The groups argue that the pending merger of AT&T and Time Warner “would create a media and telecommunications giant with the ability to use its assets to dominate markets, hold back competition, and harm consumers by inflating prices and impeding innovative new video services.”
The News Media Alliance, which represents leading newspaper publishers, is seeking an anti-trust exemption from Congress that will allow publishers to negotiate jointly with the digital giants on terms under which they can carry the publishers’ content. Today, the NMA said, “news organizations are limited with disaggregated negotiating power against a de facto duopoly that is vacuuming up all but an ever-decreasing segment of advertising revenue.”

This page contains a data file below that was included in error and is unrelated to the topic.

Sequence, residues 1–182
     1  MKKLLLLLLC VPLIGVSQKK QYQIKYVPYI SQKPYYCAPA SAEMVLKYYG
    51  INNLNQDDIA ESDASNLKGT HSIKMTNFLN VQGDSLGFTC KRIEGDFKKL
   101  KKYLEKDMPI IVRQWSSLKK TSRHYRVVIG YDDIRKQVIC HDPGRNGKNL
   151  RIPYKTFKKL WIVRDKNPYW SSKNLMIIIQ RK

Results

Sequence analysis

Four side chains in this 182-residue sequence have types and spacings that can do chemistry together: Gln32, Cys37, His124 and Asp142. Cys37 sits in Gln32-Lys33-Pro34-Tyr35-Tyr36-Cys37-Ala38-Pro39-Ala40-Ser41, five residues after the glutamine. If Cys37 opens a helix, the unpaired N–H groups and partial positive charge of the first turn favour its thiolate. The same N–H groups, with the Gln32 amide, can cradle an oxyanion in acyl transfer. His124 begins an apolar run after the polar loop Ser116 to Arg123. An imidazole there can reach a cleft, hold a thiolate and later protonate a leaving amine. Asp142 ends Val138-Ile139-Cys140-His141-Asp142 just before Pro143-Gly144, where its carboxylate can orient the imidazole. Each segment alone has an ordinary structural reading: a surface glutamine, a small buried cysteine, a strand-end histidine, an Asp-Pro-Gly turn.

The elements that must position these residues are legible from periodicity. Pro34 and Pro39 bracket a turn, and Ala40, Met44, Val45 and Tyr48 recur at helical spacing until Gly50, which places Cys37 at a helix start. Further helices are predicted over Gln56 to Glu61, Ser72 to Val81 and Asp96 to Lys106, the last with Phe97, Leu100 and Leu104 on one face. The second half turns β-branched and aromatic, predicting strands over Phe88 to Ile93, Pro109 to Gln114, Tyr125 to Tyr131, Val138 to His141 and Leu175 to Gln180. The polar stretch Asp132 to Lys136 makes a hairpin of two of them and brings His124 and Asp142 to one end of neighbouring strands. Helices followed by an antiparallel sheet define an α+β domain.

After eight months of scrutiny by the Justice Department’s anti-trust regulators, the fate of the merger is still unclear. Among the reasons: Trump’s nominee to run the DOJ’s anti-trust division is still awaiting Senate confirmation and concerns that White House may weigh in given Trump’s antipathy toward CNN, one of Time Warner’s prized possessions.